CONSTRAINTS AND PROSPECTS OF LOAN RECOVERY IN NIGERIA COMMERCIAL BANKS
1.1 BACKGROUND OF THE STUDY
Commercial banking in Nigeria began in 1894 with the founding of the bank of British West Africa (BBWA). Since that time, the general principles of Nigerian commercial banking have undergone various degrees and dimensions of change, but the growth in terms of number has been particularly remarkable.
For instance, this trend has seen the number of commercial banks in the nation rise to sixty-six (66) as of December 31, 1990. This came as a surprise because several policies implemented to produce a reasonable and trustworthy exchange rate for the Naira disrupted price levels.
A multiplier and downstream impact resulted, which exploded the amount of funding needed for all economic endeavours. Without a doubt, the structural adjustment programme (S.A.P.) under the leadership of the former head of state of Nigeria,
General Ibrahim Badamosi Babangida, in the year 1986 also liberalised banking in Nigeria required the injection of new credit and increased key financial subsector to fuel the realisation of the economic reforms being pursued.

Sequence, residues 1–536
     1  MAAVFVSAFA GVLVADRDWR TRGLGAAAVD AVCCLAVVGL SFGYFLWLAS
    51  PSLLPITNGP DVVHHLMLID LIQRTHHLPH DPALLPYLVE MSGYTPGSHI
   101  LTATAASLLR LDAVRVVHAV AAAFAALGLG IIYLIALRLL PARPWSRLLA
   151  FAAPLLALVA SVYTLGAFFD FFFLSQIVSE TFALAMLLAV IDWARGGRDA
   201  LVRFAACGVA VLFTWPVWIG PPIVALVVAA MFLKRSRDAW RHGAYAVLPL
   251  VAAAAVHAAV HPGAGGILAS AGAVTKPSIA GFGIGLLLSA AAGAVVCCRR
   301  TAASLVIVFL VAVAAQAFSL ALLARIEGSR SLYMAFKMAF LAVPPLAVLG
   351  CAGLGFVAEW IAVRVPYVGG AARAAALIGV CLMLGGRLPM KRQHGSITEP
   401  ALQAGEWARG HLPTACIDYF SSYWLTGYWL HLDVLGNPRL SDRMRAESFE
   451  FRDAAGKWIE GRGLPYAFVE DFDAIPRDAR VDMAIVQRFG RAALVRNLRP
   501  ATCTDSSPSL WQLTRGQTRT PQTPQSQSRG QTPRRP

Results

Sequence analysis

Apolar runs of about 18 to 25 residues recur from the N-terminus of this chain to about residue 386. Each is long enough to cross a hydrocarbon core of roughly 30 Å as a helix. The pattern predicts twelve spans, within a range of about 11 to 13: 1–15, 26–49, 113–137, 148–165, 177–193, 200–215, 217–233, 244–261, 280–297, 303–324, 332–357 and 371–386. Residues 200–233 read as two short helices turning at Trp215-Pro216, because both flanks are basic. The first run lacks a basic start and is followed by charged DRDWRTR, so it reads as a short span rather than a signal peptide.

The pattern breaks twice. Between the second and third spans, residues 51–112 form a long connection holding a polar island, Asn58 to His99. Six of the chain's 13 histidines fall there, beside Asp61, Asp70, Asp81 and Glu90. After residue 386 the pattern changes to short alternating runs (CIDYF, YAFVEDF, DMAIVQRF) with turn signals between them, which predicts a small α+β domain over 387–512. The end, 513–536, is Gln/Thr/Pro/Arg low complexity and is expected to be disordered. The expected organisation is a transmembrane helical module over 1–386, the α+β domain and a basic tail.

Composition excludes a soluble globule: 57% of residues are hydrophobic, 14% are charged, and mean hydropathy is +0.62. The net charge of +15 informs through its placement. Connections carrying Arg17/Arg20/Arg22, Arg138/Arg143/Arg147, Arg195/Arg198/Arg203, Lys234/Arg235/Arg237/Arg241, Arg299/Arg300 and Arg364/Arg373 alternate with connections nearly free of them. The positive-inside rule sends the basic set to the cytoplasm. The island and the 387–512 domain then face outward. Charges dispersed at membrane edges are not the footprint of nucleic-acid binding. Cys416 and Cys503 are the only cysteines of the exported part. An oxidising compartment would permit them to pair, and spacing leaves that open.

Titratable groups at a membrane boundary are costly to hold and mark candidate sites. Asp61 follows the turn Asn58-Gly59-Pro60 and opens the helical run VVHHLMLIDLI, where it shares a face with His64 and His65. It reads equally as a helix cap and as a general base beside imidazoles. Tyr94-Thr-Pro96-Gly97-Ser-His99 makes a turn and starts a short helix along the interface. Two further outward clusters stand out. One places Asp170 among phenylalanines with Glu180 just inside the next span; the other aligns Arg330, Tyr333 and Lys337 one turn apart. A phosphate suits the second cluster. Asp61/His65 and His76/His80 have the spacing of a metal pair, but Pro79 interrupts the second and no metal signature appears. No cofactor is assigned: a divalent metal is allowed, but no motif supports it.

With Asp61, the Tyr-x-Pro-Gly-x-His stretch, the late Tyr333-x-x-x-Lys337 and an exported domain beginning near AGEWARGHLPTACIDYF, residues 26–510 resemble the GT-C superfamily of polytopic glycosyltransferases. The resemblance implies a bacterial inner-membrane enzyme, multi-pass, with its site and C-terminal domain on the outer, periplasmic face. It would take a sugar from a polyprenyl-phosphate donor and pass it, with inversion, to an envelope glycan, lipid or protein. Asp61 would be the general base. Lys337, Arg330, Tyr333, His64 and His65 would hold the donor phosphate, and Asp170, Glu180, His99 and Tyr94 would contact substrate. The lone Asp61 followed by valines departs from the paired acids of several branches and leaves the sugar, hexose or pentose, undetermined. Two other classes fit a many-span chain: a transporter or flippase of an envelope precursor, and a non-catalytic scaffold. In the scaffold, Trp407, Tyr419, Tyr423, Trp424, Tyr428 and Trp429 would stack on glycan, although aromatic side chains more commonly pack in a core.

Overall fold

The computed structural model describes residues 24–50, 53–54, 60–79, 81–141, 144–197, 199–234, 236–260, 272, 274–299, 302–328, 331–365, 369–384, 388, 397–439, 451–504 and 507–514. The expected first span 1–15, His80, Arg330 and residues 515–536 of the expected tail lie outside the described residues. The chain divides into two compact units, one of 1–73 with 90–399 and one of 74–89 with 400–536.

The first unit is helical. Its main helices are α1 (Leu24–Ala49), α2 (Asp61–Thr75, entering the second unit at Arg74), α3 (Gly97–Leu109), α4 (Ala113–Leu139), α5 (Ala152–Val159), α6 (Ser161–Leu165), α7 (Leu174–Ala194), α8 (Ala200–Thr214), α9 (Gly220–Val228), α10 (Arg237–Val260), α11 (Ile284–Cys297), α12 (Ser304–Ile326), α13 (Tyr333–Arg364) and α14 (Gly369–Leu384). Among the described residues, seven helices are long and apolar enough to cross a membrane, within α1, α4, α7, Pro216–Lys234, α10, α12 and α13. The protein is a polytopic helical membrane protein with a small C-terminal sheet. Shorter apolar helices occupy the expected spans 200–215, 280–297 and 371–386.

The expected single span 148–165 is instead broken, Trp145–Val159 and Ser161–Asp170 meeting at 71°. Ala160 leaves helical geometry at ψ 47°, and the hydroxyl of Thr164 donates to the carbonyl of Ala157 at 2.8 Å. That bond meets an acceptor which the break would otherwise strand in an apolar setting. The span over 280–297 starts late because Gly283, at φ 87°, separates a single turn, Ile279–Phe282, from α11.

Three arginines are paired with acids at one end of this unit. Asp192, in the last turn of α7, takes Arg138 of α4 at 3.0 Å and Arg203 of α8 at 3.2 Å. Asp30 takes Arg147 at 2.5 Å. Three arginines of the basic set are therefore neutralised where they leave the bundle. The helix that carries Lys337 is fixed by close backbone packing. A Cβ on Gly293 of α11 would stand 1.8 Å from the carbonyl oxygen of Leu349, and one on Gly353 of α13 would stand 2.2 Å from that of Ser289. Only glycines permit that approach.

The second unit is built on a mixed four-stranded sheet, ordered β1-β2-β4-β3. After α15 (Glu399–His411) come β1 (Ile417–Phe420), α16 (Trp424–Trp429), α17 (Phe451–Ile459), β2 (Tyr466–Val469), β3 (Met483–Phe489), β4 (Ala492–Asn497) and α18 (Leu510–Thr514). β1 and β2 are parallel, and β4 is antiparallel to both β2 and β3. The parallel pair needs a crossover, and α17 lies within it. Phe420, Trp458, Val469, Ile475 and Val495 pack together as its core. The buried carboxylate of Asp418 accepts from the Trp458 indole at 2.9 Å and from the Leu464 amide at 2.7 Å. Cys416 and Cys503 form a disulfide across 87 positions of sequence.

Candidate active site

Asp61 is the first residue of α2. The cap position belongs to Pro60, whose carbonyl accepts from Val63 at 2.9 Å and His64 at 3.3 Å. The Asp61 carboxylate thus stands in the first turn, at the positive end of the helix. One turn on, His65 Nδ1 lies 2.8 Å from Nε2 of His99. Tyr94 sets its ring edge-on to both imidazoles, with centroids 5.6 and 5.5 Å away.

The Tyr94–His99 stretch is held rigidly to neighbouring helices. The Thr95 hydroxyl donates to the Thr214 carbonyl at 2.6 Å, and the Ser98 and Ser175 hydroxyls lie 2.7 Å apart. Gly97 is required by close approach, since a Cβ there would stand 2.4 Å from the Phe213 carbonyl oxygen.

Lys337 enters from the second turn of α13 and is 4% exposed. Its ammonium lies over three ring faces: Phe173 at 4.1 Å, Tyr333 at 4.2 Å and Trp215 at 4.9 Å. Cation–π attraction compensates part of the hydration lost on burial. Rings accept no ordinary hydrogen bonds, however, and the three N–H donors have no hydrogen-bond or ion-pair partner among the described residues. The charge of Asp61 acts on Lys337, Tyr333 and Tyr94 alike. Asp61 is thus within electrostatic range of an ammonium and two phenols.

The expansion of the realm in which banks might operate is another factor in the rise in bank numbers.
The overall deregulation provided banks the freedom to conduct additional business, and in particular, it allowed for the emergence of a distinction between commercial banking and merchant banking. So, among the services offered by the Nigerian commercial bank are:
Collecting deposits of any type from clients and making them available to them upon request. Safekeeping of valuables for people, such as wills, share and bond certificates, and other articles in sealed boxes and envelopes.
Therefore, using the Ughelli branch of the First Bank of Nigeria plc as a case study, the researcher wished to determine and evaluate the challenges and prospects of debt recovery in Nigerian commercial banks. Both main and secondary dates were heavily utilised in the structuring of this empirical study.
Primary data were gathered using the telephone, interviews, questionnaires, and observations; secondary data were gathered using the telephone, interviews, questionnaires, and observations; and third-party sources included textbooks, magazines, the internet, and annual reports.